Biomechanical parameters of the implant supported and implant retained prostheses are influenced by the design of the sub-structure, supra structure, as well as impression technique, applied. It should be emphasized that biomechanical principles applied for IROD is very different from that of for ISOD, where 4 implants are connected with a rigid bar providing a semi cross-arch stabilization. As it has been shown that a rigid bar (Dolder bar) on telescopic attachment provides support and stability comparable to the framework in fixed prostheses (Mericske-Stern et al. 1998b).
Prosthetic and maintenance aspects of IR/S OD & ISFD
As there are more components (abutments, bars, clips, anchors, female retainers) involved in the construction of the overdentures, more technical and clinical complications are reported requiring more service and maintenance (Taylor 1998). Denture base and underlying soft tissue deterioration are also more specific to the overdentures. Therefore, the clinician should explain the importance of the routine maintenance service and possible non-routine repairs required after provision of overdentures in the context of the cost-benefit discussion.
Fractures and loosening of the abutments (mainly in maxilla due to non-parallel implants), retaining screws, bar clips (mainly in the mandible), female parts of ball anchors and fracture of the bar and its extension, acrylic tooth, resin, prosthesis, and framework are complications related to IR/S OD:s.
Soft tissue hyperplasia, stomatitis, soreness as well as food impaction may require adjustments of the prostheses or relining of the overdenture, occlusal correction, tooth re-arrangement and redesigning of overdenture (Jemt et al. 1996). Hyperplasia has been mainly associated with the maxillary OD while marginal soft tissue recession has been observed more around the mandibular OD.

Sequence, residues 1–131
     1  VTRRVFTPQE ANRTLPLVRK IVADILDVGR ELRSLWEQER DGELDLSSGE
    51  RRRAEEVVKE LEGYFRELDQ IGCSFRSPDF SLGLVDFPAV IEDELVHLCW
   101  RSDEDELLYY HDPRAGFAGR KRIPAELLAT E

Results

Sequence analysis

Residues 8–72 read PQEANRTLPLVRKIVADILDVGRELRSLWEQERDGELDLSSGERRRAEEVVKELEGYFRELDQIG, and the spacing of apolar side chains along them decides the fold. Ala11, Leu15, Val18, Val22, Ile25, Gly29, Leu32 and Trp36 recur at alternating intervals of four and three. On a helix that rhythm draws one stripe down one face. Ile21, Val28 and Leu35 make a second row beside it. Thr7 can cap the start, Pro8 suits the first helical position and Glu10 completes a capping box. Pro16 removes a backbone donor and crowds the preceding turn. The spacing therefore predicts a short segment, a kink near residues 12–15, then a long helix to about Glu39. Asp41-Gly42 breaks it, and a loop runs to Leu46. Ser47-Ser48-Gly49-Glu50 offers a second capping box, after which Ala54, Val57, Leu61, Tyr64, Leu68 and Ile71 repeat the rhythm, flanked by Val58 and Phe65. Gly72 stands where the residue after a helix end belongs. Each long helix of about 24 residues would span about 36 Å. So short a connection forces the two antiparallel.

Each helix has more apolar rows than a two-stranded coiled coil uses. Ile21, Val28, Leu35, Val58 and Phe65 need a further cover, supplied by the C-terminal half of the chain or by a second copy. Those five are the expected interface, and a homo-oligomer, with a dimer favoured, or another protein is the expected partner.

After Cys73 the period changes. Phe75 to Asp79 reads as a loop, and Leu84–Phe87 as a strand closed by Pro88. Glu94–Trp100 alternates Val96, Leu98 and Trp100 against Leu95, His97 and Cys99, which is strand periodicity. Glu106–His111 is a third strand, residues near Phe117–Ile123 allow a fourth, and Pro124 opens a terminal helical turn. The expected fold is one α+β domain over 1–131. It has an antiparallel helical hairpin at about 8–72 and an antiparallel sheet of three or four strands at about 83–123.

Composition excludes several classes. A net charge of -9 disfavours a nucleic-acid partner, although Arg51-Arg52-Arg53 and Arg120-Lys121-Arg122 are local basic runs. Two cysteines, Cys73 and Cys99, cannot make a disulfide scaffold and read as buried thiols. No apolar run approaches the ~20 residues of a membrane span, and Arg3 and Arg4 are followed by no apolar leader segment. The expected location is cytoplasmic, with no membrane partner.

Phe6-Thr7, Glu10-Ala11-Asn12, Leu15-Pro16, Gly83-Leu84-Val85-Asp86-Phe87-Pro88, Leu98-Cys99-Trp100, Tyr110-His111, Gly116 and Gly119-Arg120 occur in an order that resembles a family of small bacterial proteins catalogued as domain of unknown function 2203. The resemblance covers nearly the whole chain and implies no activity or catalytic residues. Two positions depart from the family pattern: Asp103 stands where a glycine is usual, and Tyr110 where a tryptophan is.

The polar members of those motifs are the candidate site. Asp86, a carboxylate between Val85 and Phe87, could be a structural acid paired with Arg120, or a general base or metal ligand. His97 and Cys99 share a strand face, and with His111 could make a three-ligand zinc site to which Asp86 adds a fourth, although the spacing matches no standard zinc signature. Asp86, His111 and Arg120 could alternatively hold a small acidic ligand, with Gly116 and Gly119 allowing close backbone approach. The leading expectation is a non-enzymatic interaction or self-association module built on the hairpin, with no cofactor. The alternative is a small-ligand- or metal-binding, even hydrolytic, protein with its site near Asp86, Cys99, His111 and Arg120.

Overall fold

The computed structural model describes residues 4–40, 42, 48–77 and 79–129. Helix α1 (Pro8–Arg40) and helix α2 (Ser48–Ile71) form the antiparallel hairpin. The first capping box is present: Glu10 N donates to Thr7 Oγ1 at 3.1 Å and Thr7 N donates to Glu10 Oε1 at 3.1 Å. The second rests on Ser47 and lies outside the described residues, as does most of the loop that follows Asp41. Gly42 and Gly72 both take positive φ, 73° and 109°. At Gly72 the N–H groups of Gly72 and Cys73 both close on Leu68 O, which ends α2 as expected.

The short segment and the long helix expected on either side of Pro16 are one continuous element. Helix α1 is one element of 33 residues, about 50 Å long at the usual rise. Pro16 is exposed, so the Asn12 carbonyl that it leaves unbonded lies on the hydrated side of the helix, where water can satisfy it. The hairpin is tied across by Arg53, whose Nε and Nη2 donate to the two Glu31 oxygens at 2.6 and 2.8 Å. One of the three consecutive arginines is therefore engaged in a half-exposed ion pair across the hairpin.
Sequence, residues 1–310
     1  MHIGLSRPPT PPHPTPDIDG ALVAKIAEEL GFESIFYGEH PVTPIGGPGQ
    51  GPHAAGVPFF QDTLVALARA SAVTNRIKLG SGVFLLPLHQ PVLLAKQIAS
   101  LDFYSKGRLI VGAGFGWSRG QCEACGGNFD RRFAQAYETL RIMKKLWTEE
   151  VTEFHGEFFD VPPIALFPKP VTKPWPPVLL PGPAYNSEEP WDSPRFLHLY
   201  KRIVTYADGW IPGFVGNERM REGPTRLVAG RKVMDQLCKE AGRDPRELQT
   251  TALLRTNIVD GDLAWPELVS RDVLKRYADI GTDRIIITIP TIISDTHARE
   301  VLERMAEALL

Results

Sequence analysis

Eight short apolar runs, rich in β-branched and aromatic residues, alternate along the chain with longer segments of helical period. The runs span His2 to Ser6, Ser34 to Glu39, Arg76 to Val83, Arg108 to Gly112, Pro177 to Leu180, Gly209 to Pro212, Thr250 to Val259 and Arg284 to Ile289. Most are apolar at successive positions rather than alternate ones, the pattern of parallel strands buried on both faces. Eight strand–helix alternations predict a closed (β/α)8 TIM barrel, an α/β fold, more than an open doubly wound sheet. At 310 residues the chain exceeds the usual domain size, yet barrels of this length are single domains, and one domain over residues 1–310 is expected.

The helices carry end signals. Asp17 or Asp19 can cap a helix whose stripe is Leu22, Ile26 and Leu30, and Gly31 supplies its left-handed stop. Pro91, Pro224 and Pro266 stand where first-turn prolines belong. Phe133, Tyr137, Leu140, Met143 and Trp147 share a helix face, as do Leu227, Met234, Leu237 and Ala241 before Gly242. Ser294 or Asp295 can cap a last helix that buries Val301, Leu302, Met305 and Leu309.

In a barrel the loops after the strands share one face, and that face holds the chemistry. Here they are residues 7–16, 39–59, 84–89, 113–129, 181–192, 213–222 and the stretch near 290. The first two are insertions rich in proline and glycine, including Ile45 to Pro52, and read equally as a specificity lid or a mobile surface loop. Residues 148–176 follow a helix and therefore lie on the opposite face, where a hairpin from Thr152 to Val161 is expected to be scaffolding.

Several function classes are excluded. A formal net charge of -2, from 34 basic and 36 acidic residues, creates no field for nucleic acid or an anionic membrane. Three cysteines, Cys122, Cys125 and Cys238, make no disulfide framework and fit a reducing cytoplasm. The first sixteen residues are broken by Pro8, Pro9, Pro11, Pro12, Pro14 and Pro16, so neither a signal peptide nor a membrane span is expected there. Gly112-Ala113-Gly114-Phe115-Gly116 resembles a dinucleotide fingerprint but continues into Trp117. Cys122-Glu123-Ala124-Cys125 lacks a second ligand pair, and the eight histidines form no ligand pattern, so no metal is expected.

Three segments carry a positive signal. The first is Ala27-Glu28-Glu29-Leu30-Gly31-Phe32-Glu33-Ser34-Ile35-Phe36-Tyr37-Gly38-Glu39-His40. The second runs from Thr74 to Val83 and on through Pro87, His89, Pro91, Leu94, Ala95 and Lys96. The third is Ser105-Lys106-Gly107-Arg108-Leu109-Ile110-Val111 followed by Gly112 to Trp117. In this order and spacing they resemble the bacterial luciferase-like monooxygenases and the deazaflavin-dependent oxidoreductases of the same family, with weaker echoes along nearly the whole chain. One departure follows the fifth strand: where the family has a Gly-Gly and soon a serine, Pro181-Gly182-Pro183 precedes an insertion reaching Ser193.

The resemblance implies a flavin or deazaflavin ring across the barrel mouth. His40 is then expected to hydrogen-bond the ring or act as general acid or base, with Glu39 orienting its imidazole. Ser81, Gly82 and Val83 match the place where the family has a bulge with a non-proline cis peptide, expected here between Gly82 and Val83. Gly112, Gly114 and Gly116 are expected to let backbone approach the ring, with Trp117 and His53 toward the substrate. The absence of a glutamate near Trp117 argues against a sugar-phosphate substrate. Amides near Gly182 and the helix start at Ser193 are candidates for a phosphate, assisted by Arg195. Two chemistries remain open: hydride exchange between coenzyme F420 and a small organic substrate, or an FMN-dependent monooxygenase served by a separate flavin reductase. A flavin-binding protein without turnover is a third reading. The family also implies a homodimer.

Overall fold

Fatigue fractures, impaired phonation, and aesthetic problems are the observed complications in maxillary ISFP which require redesigning of prostheses, while lip biting is more prevalent in conjunction with the lower ISFP. In contrast to overdentures, the need for all kind of services may decrease over time for ISFP (Jemt 1991).
Improvement of masticatory comfort and efficiency, phonetics and aesthetics favor the treatment modality of IR/S-OD. Subjective criteria such as hygiene procedures, oral comfort, and ease of handling of the prosthesis are determinant factors for patient preferences.
Comparison of the patients’ experience before and after oral rehabilitation with IR/S OD reveals a higher overall satisfaction which decreases slightly over a period of time. This so-called “combination syndrome” due to loose maxillary conventional full denture with anterior resorption and unstable posterior contacts, is described following the provision of inter-foraminal IROD (Lechner & Mammen 1996).
The literature suggests that mandibular IROD is a predictable and successful treatment modality which improves quality of life especially in patients who have already experienced wearing of their conventional dentures satisfactory and successful. Where short implants are placed due to the severely atrophied jaw, it is recommended to insert more than two implants and connect them by a rigid bar to retain and support the prosthesis with complete denture design.
The success rate of dental implants retaining and supporting overdentures may vary but have been shown to be similar to that of fixed prosthesis. However, only after the assessment of cost/benefits, risk benefits, patients’ preferences, advantages and disadvantages of fixed contra removable option for each specific case, the application of each modality may be indicated and justified to achieve an optimal clinical outcome in the best of patients’ interests.